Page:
Wonder Woman #1

Wonder-Woman-#1
Photo provided by comicvine.com

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Wonder Woman has had quite complicated history. That problem has plagued Wonder Woman and many projects involving her. They tried to make a Wonder Woman movie and show, but both projects never went anywhere. To add to the confusion, in August 2010 Wonder Woman’s costume changed, and then her stories were changed to where the Gods of Olympus abandoned the Amazons and Diana had to fix the timeline, but she did not even remember the original timeline. Fortunately, her original costume returns and things are simplified in Wonder Woman #1.

 

This issue is written by Brian Azzarello with art by Cliff Chiang. Azzarello is an interesting and dark writer. He has written issues of “100 Bullets,” as well as graphic novels such as “Lex Luthor: Man of Steel” and “Joker.” What he wanted to do was bring a darker Wonder Woman and he definitely showed us that.

 

We do not see Wonder Woman until about 10 pages in. But before we can get to her we see some pretty brutal stuff such as horses being decapitated in order to become Centaurs. When we see Wonder Woman, she shows us the ferocity and fighting spirit that makes Diana so strong of a character. She is not afraid to fight dirty and spill blood to defend herself.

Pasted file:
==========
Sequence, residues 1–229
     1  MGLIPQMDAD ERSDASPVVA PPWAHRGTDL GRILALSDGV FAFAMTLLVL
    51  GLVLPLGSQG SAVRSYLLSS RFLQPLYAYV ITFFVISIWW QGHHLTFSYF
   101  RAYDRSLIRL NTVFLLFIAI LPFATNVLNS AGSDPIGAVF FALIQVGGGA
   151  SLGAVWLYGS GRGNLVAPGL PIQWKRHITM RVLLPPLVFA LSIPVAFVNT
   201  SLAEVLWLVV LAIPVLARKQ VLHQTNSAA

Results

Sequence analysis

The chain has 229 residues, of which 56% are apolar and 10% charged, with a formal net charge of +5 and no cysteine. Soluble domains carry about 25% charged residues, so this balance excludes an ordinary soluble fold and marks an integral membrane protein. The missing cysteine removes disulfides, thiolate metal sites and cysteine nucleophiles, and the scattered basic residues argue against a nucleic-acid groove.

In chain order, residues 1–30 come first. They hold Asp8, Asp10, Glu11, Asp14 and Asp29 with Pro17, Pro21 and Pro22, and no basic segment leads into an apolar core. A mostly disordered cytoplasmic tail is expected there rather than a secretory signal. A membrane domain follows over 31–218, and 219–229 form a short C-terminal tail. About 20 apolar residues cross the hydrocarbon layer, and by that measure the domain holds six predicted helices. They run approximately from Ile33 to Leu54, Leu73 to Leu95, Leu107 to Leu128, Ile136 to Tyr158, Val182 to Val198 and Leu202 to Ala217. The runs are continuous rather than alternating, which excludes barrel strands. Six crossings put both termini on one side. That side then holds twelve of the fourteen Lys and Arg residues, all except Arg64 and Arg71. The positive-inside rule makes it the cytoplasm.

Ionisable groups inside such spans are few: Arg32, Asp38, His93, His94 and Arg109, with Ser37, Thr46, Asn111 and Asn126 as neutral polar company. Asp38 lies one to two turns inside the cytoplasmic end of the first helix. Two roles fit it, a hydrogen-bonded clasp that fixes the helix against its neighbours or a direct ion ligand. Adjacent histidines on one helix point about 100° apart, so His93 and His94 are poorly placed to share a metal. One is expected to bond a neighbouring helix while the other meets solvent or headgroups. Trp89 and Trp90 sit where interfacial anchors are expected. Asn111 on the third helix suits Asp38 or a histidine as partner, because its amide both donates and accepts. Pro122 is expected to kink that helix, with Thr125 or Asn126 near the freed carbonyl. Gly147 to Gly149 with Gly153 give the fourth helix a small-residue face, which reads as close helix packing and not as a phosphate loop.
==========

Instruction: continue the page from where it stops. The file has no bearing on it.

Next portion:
Most people remember Wonder Woman from the Justice League cartoon show, where she was portrayed as a very strong character whose recklessness seemed to be more of a weakness. However in this issue we see Diana’s recklessness as a strength rather than a weakness.

 

The person she is defending is a woman named Zola who according to Hermes, the messenger for the Greek gods is pregnant by Zeus. Speaking of the Greek gods, aside from Hermes and the Centaurs, the reader doesn’t see much of the Greek gods, which actually helps the story a lot more because having the Greek gods as central characters in the story would complicate things, especially with this being the first issue.

 

However, the villains in this story are not really explained. We see one villain who appears to be planning something for future issues as well as centaurs that Diana fights in order to protect Zola. But readers are not given much explanation for these characters.

 

Just like with Superman, there have been attempts to re-write Diana’s history and make her more relatable so that new readers can understand her. The most recent attempt was when J. Michael Straczynski took over the writing duties for her book from issue #600 to 614. Just like the attempts at Superman this has been met with negative reactions from fans.

 

But it seems that with “New 52,” DC may have found a way for new readers to get into Wonder Woman. Diana certainly proves that she is a force to be reckoned with a ferocity and strength that shows us why she is called Wonder Woman. Simplifying her history at least for this issue will definitely be easy for readers to understand.